You're in love/And I'm in trouble. What more needs to be said? Girlfriends only spend my cash, waste my time so this guy's in deep shit with this girl crushing on him. He runs and hides, but draws the line at suicide. I really like this song, even though I can't really think of anything to say about it. Not many lyrics, not much stands out musically. Just good, somehow.

    Love You Till Friday

    Building on the same theme, this song starts up with:

    Girls are a pain in my life
    When they try to be my wife

    Commitment is not a strong point, it seems. The whole love you till Friday thing consistently makes the da-da-da-da! from David Bowie's Love You Till Tuesday go through my head. Thanks a lot, Replacements, what did I do to deserve that? I don't need reminders of dumb old twee pop while listening to your album. The styles don't exactly mix well. Aside from that, the song keeps the momentum of the album going without adding too much of interest for me.


    I am always slightly confused by this song, not only because half the lyrics are incomprehensible (he really lays on the rasp and lays off the diction) but because I'm really not sure who he's talking to at different points and who exactly is being told to shut up and why. I really enjoy listening to it though, even though it tooks me months to understand the lyrics to the second verse, which are clearly the greatest part of the whole song:

    Well Tommy's too young
    Bobby's too drunk
    I only can shout one note
    Chris needs a watch to keep time
    We'll never find the time to vote

    Raised in the City

    What better way to end the album but with a perfect summary of the attitude, a song with lyrics such as:

    Raised in the city
    Till I'm old
    Buy a car maybe
    When I'm old
    This my goddamn band


    Outta my way
    I can't see it
    Outta my way
    Can't see no band

    Most of the songs in the middle aren't even necessary. Open with Takin' a Ride, close with Raised in the City, you know what the deal with this band is.

    But they end up going a lot further. As fun as this album is, it's pretty much an exercise in unpolished rock and roll. I don't know exactly how punk I consider it. They're disenfranchised youth, yes, the music is fast, pretty sloppy and straightforward, yes, the songs are short, yes, the vocals are more emotional than they are melodious, yes, but I just don't get much of a punk feel from the whole thing. It's called punk, maybe even hardcore, but I'm just not convinced. If anything they only hit punk at Stink, before they just came out with Hootenanny, Let It Be and Tim. There are hints of what is to come to be found in this album, but it is still incredible to me that they developed so much without losing the spirit that can be found here.

    Probably my third- or fourth-favourite album by them, but being my introduction to their music always has a soft spot in my heart. Now if you'll excuse me, I'm going off to listen to Johnny Thunders.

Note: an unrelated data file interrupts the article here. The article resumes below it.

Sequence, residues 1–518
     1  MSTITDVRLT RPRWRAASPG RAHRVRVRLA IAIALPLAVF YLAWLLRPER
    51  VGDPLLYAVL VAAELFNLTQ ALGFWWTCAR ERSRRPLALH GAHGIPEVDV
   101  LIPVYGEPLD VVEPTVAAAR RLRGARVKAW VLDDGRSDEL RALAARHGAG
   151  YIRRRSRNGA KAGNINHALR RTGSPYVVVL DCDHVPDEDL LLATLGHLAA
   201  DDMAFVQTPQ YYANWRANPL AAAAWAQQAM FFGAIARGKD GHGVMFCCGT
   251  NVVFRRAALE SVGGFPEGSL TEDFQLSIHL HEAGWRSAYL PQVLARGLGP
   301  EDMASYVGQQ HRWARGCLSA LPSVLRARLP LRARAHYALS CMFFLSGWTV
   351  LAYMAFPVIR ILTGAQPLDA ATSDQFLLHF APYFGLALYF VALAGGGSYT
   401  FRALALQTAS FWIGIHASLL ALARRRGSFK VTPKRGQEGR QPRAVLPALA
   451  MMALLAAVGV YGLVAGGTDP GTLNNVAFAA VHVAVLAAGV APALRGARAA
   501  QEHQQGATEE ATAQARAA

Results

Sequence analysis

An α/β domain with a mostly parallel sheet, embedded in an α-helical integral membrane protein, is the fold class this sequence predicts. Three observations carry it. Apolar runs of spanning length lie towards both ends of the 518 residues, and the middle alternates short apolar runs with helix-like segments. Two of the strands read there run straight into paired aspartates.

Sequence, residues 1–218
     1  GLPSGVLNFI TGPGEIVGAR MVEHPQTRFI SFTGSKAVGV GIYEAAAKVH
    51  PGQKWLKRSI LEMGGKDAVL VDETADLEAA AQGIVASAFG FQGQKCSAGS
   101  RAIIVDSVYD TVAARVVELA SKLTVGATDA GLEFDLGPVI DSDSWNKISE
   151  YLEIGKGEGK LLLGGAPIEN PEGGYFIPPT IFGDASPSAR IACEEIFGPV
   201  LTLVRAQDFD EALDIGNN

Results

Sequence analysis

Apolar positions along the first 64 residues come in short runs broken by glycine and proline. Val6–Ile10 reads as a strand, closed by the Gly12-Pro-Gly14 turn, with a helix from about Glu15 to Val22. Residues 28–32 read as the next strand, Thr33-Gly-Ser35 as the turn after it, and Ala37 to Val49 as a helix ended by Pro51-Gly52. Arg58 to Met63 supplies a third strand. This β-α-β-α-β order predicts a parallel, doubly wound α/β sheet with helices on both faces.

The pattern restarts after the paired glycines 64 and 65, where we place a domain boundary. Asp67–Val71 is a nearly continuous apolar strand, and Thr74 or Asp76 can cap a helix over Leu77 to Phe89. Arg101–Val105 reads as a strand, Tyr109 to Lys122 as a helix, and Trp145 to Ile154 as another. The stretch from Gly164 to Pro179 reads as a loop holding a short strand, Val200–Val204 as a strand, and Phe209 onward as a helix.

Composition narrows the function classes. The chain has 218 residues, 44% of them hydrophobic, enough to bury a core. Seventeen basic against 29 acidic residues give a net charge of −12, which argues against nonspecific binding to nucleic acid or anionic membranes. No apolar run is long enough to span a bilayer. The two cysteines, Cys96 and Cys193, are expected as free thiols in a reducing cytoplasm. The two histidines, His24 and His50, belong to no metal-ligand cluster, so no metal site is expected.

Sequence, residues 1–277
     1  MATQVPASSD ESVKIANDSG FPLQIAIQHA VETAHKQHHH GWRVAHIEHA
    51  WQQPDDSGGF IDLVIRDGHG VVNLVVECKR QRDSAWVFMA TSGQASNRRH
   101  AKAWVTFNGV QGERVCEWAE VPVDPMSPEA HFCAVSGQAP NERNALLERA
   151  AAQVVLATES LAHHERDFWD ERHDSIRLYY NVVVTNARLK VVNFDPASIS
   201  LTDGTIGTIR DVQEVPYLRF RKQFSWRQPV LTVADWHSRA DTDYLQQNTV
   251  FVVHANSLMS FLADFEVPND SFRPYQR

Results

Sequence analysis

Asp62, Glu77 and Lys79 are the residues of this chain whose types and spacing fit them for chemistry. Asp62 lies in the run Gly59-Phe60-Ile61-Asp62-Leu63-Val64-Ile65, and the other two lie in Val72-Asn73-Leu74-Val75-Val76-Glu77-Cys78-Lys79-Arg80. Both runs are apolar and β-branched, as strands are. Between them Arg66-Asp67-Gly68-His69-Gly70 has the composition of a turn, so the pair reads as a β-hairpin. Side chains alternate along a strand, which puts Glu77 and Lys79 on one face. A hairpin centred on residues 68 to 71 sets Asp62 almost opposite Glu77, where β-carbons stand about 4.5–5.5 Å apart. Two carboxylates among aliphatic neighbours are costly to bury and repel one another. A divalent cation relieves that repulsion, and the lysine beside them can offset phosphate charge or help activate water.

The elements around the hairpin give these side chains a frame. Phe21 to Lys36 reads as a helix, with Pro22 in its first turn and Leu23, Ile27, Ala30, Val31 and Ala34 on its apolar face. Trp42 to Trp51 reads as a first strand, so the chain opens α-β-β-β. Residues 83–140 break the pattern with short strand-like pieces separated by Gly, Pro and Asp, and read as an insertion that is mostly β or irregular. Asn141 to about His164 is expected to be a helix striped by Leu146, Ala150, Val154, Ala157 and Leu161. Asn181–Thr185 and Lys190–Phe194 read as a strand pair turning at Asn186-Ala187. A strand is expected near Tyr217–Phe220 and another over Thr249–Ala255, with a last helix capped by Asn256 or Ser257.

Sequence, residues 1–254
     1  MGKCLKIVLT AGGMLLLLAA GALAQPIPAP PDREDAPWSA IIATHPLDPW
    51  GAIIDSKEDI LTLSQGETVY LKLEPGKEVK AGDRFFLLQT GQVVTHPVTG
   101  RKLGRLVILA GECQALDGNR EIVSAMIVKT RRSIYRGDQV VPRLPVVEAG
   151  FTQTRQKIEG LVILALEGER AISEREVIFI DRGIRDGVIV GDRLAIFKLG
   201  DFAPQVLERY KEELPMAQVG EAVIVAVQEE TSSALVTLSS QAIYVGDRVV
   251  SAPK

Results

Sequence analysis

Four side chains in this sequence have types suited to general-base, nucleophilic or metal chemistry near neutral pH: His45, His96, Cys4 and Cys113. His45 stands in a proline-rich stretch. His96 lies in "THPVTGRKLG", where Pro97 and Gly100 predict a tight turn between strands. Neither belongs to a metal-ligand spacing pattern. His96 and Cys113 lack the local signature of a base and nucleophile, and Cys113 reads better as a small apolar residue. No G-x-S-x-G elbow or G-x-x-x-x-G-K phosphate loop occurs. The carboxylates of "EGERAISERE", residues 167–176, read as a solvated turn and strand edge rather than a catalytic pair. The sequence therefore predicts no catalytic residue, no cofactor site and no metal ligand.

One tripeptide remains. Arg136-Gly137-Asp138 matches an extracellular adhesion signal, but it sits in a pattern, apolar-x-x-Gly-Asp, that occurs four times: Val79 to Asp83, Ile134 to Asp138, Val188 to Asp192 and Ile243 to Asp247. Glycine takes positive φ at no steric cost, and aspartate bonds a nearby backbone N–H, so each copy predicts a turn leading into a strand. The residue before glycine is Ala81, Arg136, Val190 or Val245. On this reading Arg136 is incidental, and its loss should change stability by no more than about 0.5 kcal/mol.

• Screeching Weasel - Screeching Weasel [Review]

    25. Okt. 2009, 10:06

    “... that’s right, your stereo is fucked up.”

    Screeching Weasel

    Because of my muchlike for 999 and Buzzcocks, and my like for Dude Ranch, I went trawling the web to find pop punk bands that were generally liked by people whose opinions I respected. The consensus seemed to be the Ramones, and Screeching Weasel. I have the Ramones’ self-titled, and I can’t even get all the way through the thing without getting bored and annoyed. So with hope in my heart, I checked out these Screeching Weasel fellows.

    With core members going by the names Ben Weasel and John Jughead, I could tell straight away that these guys were either pretentious as hell, or didn’t take themselves at all seriously. I admire Ben Weasel for giving up on playing bass and singing at the same time and just hiring a bassist. That is the kind of can-do attitude I respect.

    Their self-titled debut, released in 1987, has 27 tracks, the longest of which clocks in at two and a half minutes, and only two other tracks even make the two-minute mark. As with a great number of punkish bands, they started raw and hardcore and then gradually developed “sophistication” and “pop smarts”. The vast majority of the time, this rates as a deterioration in my opinion. Screeching Weasel’s followup album Boogadaboogadaboogada! has tracks that are stronger than any on the self-titled, but is overall a less appealing album, and later albums which I have only heard parts of have a totally different sound. This album, if you believe wikipediathefontofallknowledge, was recorded in one night in a studio in Chicago for $200, and is well worth both the time and the money.

    My usual method of reviewing an album track-by-track is doomed to fail for an album of these proportions, so I will just make it up as I go along. The album starts out pretty strong, falters in the middle and ends more strongly than it started. The low points are Cows and O.M.W., while the high points are the songs that are straightforward and aggressive, like California Sucks, Hardcore Hippie, Clean-cut Asshole and Jockpunk. The overall theme seems to be “I hate some stuff”. The stuff includes:

    •authority (I like saying no! to authority)

    •society (society makes me wanna puke)

    •California (California sucks/It’s worse than old New York/Filled with scum and wealthy worms and stupid surfing dorks)